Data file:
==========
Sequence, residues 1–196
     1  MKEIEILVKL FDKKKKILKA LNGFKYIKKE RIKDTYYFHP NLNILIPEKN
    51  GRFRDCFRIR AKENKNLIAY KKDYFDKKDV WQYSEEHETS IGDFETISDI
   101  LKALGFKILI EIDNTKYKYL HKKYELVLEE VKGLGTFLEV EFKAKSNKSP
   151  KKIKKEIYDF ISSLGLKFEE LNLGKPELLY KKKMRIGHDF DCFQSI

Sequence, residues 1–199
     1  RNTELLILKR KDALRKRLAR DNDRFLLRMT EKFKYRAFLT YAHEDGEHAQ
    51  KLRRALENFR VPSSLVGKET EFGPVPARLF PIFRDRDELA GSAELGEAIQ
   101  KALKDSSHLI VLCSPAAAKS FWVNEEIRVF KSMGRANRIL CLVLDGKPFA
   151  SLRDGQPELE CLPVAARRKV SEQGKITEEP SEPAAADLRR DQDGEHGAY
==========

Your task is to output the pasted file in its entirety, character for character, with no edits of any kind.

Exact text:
Sequence, residues 1–196
     1  MKEIEILVKL FDKKKKILKA LNGFKYIKKE RIKDTYYFHP NLNILIPEKN
    51  GRFRDCFRIR AKENKNLIAY KKDYFDKKDV WQYSEEHETS IGDFETISDI
   101  LKALGFKILI EIDNTKYKYL HKKYELVLEE VKGLGTFLEV EFKAKSNKSP
   151  KKIKKEIYDF ISSLGLKFEE LNLGKPELLY KKKMRIGHDF DCFQSI

Sequence, residues 1–199
     1  RNTELLILKR KDALRKRLAR DNDRFLLRMT EKFKYRAFLT YAHEDGEHAQ
    51  KLRRALENFR VPSSLVGKET EFGPVPARLF PIFRDRDELA GSAELGEAIQ
   101  KALKDSSHLI VLCSPAAAKS FWVNEEIRVF KSMGRANRIL CLVLDGKPFA
   151  SLRDGQPELE CLPVAARRKV SEQGKITEEP SEPAAADLRR DQDGEHGAY